The province began as a proprietary colony of the English Lord Baltimore, who wished to create a haven for English Catholics in the new world at the time of the European wars of religion. Although Maryland was an early pioneer of religious toleration in the English colonies, religious strife among Anglicans, Puritans, Catholics, and Quakers was common in the early years, and Puritan rebels briefly seized control of the province. In 1689, the year following the Glorious Revolution, John Coode led a rebellion that removed Lord Baltimore from power in Maryland. Power in the colony was restored to the Baltimore family in 1715 when Charles Calvert, 5th Baron Baltimore, insisted in public that he was a Protestant.
Despite early competition with the colony of Virginia to its south, and the Dutch colony of New Netherland to its north, the Province of Maryland developed along very similar lines to Virginia. Its early settlements and population centers tended to cluster around the rivers and other waterways that empty into the Chesapeake Bay and, like Virginia, Maryland's economy quickly became centered on the cultivation of tobacco, for sale in Europe. The need for cheap labor, and later with the mixed farming economy that developed when tobacco prices collapsed, led to a rapid expansion of indentured servitude, penal transportation, and forcible immigration and enslavement of Africans. Maryland received a larger felon quota than any other province.The Province of Maryland was an active participant in the events leading up to the American Revolution, and echoed events in New England by establishing committees of correspondence and hosting its own tea party similar to the one that took place in Boston. By 1776 the old order had been overthrown as Maryland citizens signed the Declaration of Independence, forcing the end of British colonial rule.Second Folio
The Second Folio is the 1632 edition of the collected plays of William Shakespeare. It follows the First Folio of 1623. Much language was updated in the Second Folio and there are almost 1,700 changes.
The major partners in the First Folio had passed from the publishing scene by the time of the Second Folio: William Jaggard—official printer to the city of London (17 December 1610)—had died in 1623, and his son Isaac died in 1627. Edward Blount, the third major partner, had sold his rights to Shakespearean plays to Robert Allot in 1630, and then died in 1632. Allot thus became the prime mover in the creation of the Second Folio. The two minor partners in the First Folio, William Aspley and John Smethwick, continued as partners in the Second Folio syndicate; Aspley owned the rights to Much Ado About Nothing and Henry IV, Part 2, while Smethwick owned the rights to Love's Labour's Lost, Romeo and Juliet, Hamlet, and The Taming of the Shrew. Allot, Aspley, and Smethwick were joined by two other publishers: Richard Hawkins and Richard Meighen. (Hawkins owned the rights to Othello, while Meighen owned the rights to The Merry Wives of Windsor.)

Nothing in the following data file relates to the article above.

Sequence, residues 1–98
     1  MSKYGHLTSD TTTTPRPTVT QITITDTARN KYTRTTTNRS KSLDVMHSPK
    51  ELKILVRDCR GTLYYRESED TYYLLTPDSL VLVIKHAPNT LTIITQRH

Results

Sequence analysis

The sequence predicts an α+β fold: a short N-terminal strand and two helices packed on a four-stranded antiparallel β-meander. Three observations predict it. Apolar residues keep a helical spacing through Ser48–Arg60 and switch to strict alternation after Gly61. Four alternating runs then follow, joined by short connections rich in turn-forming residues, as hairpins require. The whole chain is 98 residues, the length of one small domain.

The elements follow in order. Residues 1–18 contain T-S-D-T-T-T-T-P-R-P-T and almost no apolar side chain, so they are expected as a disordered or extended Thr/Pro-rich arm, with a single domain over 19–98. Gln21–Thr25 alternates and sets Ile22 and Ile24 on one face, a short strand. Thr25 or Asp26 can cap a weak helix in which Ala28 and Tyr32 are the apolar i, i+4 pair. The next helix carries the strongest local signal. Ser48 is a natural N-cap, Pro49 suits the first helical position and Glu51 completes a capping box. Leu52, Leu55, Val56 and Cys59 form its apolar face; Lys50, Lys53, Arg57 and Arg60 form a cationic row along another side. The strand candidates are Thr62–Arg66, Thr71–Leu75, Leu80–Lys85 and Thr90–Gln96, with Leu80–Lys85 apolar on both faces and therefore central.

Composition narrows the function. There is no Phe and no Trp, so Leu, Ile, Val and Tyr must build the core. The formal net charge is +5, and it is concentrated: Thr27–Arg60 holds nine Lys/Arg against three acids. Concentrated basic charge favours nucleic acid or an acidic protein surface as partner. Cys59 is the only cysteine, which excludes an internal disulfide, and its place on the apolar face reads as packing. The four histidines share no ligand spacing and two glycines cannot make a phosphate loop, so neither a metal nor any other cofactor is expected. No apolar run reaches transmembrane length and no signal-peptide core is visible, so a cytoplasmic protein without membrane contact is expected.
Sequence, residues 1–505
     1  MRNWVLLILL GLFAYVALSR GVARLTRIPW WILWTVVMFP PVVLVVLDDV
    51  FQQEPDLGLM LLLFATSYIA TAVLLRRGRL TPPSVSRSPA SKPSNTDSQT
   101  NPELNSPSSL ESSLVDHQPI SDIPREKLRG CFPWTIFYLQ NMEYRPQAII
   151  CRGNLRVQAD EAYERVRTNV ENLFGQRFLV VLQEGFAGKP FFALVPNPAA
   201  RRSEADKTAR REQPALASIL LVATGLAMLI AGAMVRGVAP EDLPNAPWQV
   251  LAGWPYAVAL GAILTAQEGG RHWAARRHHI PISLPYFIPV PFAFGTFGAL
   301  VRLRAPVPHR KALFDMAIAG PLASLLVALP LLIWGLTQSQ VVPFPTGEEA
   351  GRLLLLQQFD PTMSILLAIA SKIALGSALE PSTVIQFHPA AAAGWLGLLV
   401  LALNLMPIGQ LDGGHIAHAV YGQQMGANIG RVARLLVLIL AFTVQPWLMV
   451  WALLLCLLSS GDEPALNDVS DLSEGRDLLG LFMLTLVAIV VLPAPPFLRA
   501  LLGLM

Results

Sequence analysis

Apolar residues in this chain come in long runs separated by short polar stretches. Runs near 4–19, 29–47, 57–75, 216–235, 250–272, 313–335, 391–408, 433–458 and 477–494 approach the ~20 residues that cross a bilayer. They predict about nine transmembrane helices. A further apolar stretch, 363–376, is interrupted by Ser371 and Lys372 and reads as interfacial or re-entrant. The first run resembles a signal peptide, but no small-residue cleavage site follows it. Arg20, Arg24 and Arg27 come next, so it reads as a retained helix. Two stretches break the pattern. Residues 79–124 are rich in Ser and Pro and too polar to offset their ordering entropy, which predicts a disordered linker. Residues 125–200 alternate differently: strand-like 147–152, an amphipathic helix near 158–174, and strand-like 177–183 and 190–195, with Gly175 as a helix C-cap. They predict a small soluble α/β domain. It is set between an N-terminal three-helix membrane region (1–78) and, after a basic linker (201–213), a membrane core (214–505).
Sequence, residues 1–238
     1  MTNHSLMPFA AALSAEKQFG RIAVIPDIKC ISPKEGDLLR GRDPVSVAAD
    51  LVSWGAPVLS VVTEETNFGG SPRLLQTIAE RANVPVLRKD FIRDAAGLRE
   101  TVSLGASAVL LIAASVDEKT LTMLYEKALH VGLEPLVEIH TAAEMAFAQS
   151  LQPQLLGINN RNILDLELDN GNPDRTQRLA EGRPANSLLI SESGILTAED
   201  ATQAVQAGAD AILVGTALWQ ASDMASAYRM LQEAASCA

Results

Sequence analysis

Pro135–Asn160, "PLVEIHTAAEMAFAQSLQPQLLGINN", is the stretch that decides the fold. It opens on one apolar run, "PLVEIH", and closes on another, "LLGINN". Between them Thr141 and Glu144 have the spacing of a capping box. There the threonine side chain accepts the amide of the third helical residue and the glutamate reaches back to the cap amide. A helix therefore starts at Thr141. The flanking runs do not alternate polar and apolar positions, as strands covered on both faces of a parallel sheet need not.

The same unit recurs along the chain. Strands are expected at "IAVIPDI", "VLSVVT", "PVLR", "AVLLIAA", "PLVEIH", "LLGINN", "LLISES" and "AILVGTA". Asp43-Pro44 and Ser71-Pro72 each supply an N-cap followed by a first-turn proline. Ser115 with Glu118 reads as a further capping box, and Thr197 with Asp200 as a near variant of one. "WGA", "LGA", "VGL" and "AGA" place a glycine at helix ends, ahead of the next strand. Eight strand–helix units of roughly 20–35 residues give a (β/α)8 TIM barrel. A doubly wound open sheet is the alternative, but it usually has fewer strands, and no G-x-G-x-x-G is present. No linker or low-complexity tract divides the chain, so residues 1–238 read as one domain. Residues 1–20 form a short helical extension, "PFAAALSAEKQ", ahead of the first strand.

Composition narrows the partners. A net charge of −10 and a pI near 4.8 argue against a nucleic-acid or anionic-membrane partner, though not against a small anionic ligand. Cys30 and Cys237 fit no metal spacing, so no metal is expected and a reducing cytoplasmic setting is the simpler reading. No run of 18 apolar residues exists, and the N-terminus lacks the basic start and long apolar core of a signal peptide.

The printing of the Second Folio was done by Thomas Cotes. Individual copies of the Second Folio were issued with title-page inscriptions to each of the five publishers, in the format "printed by Thomas Cotes for Robert Allot," "...for William Aspley," etc. It appears that each of the booksellers in the syndicate took a specific consignment of the press run to sell at his shop, the size of the consignment depending upon his level of participation in the project. In all copies, though, a colophon at the end of the book gives the full list of publishers. By one account, the surviving volumes of the Second Folio inscribed for Robert Allot outnumber those for the other four publishers taken altogether, by about two to one — a fact that reflects Allot's dominance in the endeavour. The Hawkins imprint is "exceedingly rare," and "Not more than three or four copies are known with the Smethwick imprint...." Though all copies of the Second Folio are dated 1632, some in fact are remainder issues that were released as late as 1641 and after.Among the prefatory matter is the first published poem by John Milton, printed anonymously, "An Epitaph on the admirable Dramaticke Poet, W. Shakespeare".
King Charles I owned a copy of the Second Folio, which became part of the library of Windsor Castle; Charles II's copy is in the British Museum. The so-called Perkins Folio, which John Payne Collier used for his forged emendations of Shakespeare's text, was a copy of the Second Folio.Smolensk War
The Smolensk War (1632–1634) was a conflict fought between the Polish–Lithuanian Commonwealth and Russia.
Hostilities began in October 1632 when Russian forces tried to capture the city of Smolensk. Small military engagements produced mixed results for both sides, but the surrender of the main Russian force in February 1634 led to the Treaty of Polyanovka. Russia accepted Polish–Lithuanian control over the Smolensk region, which lasted for another 20 years.St. John's, Antigua and Barbuda
St. John's is the capital and largest city of Antigua and Barbuda, located in the West Indies in the Caribbean Sea and with a population of 22,193, St. John's is the commercial centre of the nation and the chief port of the island of Antigua.Tokugawa Hidetada
Tokugawa Hidetada (徳川 秀忠, May 2, 1579 – March 14, 1632) was the second shōgun of the Tokugawa dynasty, who ruled from 1605 until his abdication in 1623. He was the third son of Tokugawa Ieyasu, the first shōgun of the Tokugawa shogunate.Topal Recep Pasha
Topal Recep Pasha ("Recep Pasha "Lame"; died 18 May 1632) was an Ottoman statesman from the Sanjak of Bosnia, as well as Damat ("bridegroom") to the House of Osman. He served as the Grand Vizier of the Ottoman Empire from 10 February 1632 to 18 May 1632. He was instrumental in lynching the former grand vizier, Hafız Ahmet Pasha. When his brother-in-law Sultan Murad IV realized this, he had Recep Pasha executed on 18 May 1632.Yakutsk
Yakutsk (Russian: Якутск, IPA: [jɪˈkutsk]; Yakut: Дьокуускай, Dokuuskay, pronounced [ɟokuːskaj]) is the capital city of the Sakha Republic, Russia, located about 450 kilometers (280 mi) south of the Arctic Circle.
Yakutsk, with an average temperature of −8.8 °C (16.2 °F), is the second coldest city with more than 100,000 inhabitants in the world after Norilsk, although Yakutsk experiences colder temperatures in the winter. Yakutsk is also the largest city located in continuous permafrost and one of the largest that cannot be reached by road. Yakutsk is a major port on the Lena River. It is served by the Yakutsk Airport as well as the smaller Magan Airport.